It would take almost superhuman determination for this week’s crop of movies—four mainstream and one art title—to come anywhere near the toxic crumminess of last week’s dismal duo, and hopefully that determination doesn’t exist. However, it must be admitted that some of this stuff looks very sketchy. Very sketchy indeed.
Before getting into the realm of prognostication, let’s note that the single art title—the documentary A Place at the Table (opening Friday at The Carolina)—has already been reviewed and is in this week’s paper. I haven’t seen it myself, but Justin Souther has and you can read his take on it.
Now, about these mainstream offerings…
First on the list—at least, alphabetically—is something called 21 & Over. What is it? Well, the fellows who wrote The Hangover—Jon Lucas and Scott Moore—have added directing to their resume with this one. Now, regardless of how you feel about The Hangover, I think it’s only fair to point out that these boys also wrote Four Christmases, Ghosts of Girlfriends Past, and The Change-Up—a more shameful line-up would be hard to find. (I’m sure it could be done, but it would take work.) This round they’ve cooked up a story about a medical student of promise (Twilight alumnus Justin Chon) who goes out to celebrate his 21st birthday with a couple friends (Miles Teller from Project X and Skylar Astin from Pitch Perfect). R rated drunken ribaldry ensues. I’ll be blunt—anyone who willfully subjects himself or herself to this deserves whatever he or she gets.
Far more promising—and something I’m actually looking forward to (with some caution)—is Bryan Singer’s Jack the Giant Slayer. Even granting that Valkyrie (2008) was no great shakes and Superman Returns (2006) barely shook at all, Singer is not an uninteresting director and his X2 (2003) is in the running for best comic book movie of all time. As a result, I’m more than willing to give this a shot. The cast doesn’t hurt. You’ve got Nicholas Hoult (who just proved his ability to carry a film with Warm Bodies) in the title role, and the supporting cast is unusually strong—Ewan McGregor (sporting a very unperiod looking coif), Stanley Tucci, Eddie Marson, Ian McShane, Bill Nighy. Ewen Bremner. That’s a pretty impressive roster. No guarantees, of course, but it certainly has possibilities. In your choice of 3D or 2D (check your showtimes).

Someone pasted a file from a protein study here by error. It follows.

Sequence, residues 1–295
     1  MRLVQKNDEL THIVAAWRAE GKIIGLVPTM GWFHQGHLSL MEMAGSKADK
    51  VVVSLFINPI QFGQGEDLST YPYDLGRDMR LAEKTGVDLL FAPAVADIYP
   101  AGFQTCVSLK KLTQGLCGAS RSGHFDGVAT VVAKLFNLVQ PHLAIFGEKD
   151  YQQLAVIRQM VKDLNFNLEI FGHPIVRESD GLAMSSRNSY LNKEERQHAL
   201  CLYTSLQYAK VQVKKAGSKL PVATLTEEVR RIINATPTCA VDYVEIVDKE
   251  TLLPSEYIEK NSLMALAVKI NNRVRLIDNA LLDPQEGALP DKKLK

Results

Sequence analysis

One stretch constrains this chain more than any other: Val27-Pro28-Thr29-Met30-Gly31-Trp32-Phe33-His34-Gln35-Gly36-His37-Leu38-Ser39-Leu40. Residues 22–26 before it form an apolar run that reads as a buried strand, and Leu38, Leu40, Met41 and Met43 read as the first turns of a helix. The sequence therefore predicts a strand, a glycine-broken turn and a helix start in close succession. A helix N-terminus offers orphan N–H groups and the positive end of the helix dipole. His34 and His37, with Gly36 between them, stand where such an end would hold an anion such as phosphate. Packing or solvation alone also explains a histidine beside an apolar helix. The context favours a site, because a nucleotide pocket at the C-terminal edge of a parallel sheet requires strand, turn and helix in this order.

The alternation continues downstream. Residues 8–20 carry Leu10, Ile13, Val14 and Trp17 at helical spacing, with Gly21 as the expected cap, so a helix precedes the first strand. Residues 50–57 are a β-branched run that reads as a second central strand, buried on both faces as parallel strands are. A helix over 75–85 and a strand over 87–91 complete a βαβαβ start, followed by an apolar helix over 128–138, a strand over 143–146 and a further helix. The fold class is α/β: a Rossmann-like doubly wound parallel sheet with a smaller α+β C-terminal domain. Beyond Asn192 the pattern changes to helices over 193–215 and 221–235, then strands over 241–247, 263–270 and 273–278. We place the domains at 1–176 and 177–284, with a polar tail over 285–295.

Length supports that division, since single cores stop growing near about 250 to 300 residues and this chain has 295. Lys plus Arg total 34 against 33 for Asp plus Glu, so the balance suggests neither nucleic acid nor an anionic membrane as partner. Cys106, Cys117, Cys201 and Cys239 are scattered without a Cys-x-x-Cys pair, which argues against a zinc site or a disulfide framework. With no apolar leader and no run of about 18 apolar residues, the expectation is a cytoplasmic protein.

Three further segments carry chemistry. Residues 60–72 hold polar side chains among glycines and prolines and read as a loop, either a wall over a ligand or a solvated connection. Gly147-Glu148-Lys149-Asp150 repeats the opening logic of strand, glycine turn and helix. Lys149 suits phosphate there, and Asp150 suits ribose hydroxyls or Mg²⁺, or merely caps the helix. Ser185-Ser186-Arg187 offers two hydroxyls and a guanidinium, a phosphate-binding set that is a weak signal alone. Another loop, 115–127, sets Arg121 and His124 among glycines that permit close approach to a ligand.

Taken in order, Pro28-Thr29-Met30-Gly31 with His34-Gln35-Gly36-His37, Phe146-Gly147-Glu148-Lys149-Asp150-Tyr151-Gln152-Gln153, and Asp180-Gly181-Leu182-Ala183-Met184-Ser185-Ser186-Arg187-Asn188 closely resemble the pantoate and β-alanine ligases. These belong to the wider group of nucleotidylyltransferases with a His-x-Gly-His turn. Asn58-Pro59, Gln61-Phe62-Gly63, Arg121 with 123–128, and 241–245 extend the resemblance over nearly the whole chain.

Daniel Stamm’s The Last Exorcism (2010) may not have been perfect, but it was still one of the few “found footage” movies I enjoyed (either in spite of or because it cheated on its gimmick). It also would seem—by virtue of its title—to have been the final word on the topic, but now we have The Last Exorcism Part II (I guess The Really Last Exorcism was out of the question). For whatever reason (good sense maybe?), Stamm is not involved in this. Since a good deal of the cast at least appeared to have died by the end of the first movie, this one follows the story of the previously possessed Nell (Ashley Bell) trying to get her life back together. Evil forces, of course, have other ideas—otherwise there’d be no movie, which might have been a good thing. Who can tell? I’m curious, but without Stamm, I’m not expecting much.